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Town and Country Planning Association

The Town and Country Planning Association (TCPA) is an independent charity founded and based in the United Kingdom. It works to improve the art and science of town and country planning.

Town and Country Planning Association
Tcpa 2 greens RGB.jpg
Founded1899
FounderSir Ebenezer Howard
TypeNot-for-profit
Focusgarden cities, town and country planning, sustainable development,social justice, planning policy, climate change, health, green infrastructure
Location
  • 17 Carlton House Terrace
    London SW1Y 5AS
Key people
Peter Hall, Kate Henderson
Formerly called
Garden Cities Association
Garden Cities and Town Planning Association

It campaigns for the reform of the UK’s planning system to make it more responsive to people’s needs and aspirations and to promote sustainable development.

HistoryEdit

Founded by Sir Ebenezer Howard in 1899 to promote the idea of the Garden City, the TCPA is Britain's oldest charity concerned with planning, housing and the environment.[1] The association was first called the Garden City Association, and then the Garden Cities and Town Planning Association, broadening its scope to promote town planning as well as garden cities. As such, it became the first pressure group for planning and predates the formation of the Royal Town Planning Institute.

ObjectivesEdit

The TCPA has been a reformist movement for over a hundred years – evidenced by its interest in fair shares in development and land value uplift; shared ownership of public open space; participative and entrepreneurial local governance; town and country planned together, and enhancement of the environment – and the need to achieve sustainable communities. The TCPA objectives in its new Manifesto for the 21st Century,[2] are to:

  • Secure a decent, well designed home for everyone, in a human-scale environment combining the best features of town and country
  • Empower people and communities to influence decisions that affect them
  • Improve the planning system in accordance with the principles of sustainable development

ActivitiesEdit

As part of its educational remit, the TCPA arranges conferences and study tours. The association is not only confined to England but is also involved in a range of European projects.

ProjectsEdit

Garden CitiesEdit

Building on its legacy, the TCPA has been setting out a proactive agenda around garden cities, with a positive response from the government.[3] The association believes that a new generation of 21st century garden cities could help to solve a range of problems such as the acute shortage of housing in the UK and the need to respond to climate change [4] Recently, the Prime Minister has made a statement outlining his support of the garden principles and drafted a prospectus on locally led garden cities.[5] Ebbsfleet has been proposed as a potential new garden city. However, although the site is well-connected it is difficult to see how it could meet all of the Garden City Principles [6] but must genuinely offer affordable homes, according to the TCPA.[7]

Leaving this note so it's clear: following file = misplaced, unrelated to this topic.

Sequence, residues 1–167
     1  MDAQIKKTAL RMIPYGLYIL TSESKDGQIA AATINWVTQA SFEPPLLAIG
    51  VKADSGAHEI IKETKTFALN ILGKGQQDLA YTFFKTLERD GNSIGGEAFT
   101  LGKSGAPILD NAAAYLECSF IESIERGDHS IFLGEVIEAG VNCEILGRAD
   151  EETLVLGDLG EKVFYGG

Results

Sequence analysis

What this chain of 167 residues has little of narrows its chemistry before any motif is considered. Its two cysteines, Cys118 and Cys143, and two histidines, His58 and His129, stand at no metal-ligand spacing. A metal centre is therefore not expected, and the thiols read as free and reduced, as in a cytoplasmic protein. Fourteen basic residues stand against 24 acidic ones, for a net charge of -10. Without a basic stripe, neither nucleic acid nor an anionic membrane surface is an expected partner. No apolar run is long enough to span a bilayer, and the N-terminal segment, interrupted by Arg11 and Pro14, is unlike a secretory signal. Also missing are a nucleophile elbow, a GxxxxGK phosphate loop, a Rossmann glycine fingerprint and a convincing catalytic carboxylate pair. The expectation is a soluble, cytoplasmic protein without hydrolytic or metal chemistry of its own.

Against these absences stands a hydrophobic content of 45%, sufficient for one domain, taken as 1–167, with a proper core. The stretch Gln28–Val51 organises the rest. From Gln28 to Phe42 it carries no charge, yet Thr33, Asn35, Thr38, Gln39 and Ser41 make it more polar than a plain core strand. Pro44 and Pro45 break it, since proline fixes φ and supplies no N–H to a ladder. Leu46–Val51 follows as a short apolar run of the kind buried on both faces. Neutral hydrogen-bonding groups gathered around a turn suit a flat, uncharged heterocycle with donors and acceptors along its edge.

Reuniting Planning and HealthEdit

Green Infrastructure PartnershipEdit

The Green Infrastructure Partnership (GIP) brings together a network of over 300 stakeholder organisations and individuals to support the development of green infrastructure (GI) in England. The GIP was launched by DEFRA in 2011 and was taken over by the TCPA in April 2014.

Climate CoalitionEdit

The Planning & Climate Change Coalition, which has been brought together by Friends of the Earth and the TCPA, includes over 60 cross-sector organisations and individuals. The Coalition has worked to ensure that the planning system makes a full contribution to meeting the climate change challenge. They have developed planning guidance and model policies on climate change for local authorities in England. The aim of the Coalition is to build a consensus amongst a wide range of stakeholders on the benefits of guidance on planning for climate change, working with local authorities, Local Enterprise Partnerships and communities. The Coalition has no core funding and no political or corporate affiliations.[8]

Clim-CapEdit

Clim-Cap is a two-year pan-European project funded by the EU’s Lifelong Learning Programme to develop training leading to a qualification in climate change adaptation for professionals working in construction, architecture, planning and other built environment professions. Clim-C partners consist of a network of educational providers from across Germany, the Netherlands, Hungary and Spain, along with the TCPA. Partners are:

  1. Ruhr-Universitat, Bochum, Germany
  2. Akademie der Ruhr-Universitat gGmbH, Germany
  3. Wageningen Business School, Netherlands
  4. Energieklub Climate Policy Institute, Hungary
  5. Technical University of Catalonia, Spain
  6. Town and Country Planning Association, UK

PublicationsEdit

The monthly journal Town & Country Planning publishes a range of reports that highlights the range of their work.

ReferencesEdit

  1. ^ "Our History". Retrieved 30 May 2014.
  2. ^ TCPA. "Manifesto for the 21st Century 'towns and countryside for a new age of challenge'" (PDF). Archived from the original (PDF) on 2 April 2014. Retrieved 30 May 2014.
  3. ^ "Government offers support for locally-led garden cities". GOV.UK. 14 April 2014. Retrieved 30 May 2014.
  4. ^ TCPA. "Re-imagining Garden Cities for the 21st Century: Benefits and Lessons in Bringing forward Comprehensively Planned New Communities" (PDF).
  5. ^ Department for Communities and Local Government (April 2014). "Locally-led Garden Cities" (PDF). Cite journal requires |journal= (help)
  6. ^ "Ready for germination". Civil Service World. 19 May 2014.
  7. ^ "New garden cities must offer genuinely affordable homes, says charity". The Guardian. 22 April 2014.
  8. ^ TCPA. "Planning & Climate Change Coalition". Retrieved 30 May 2014.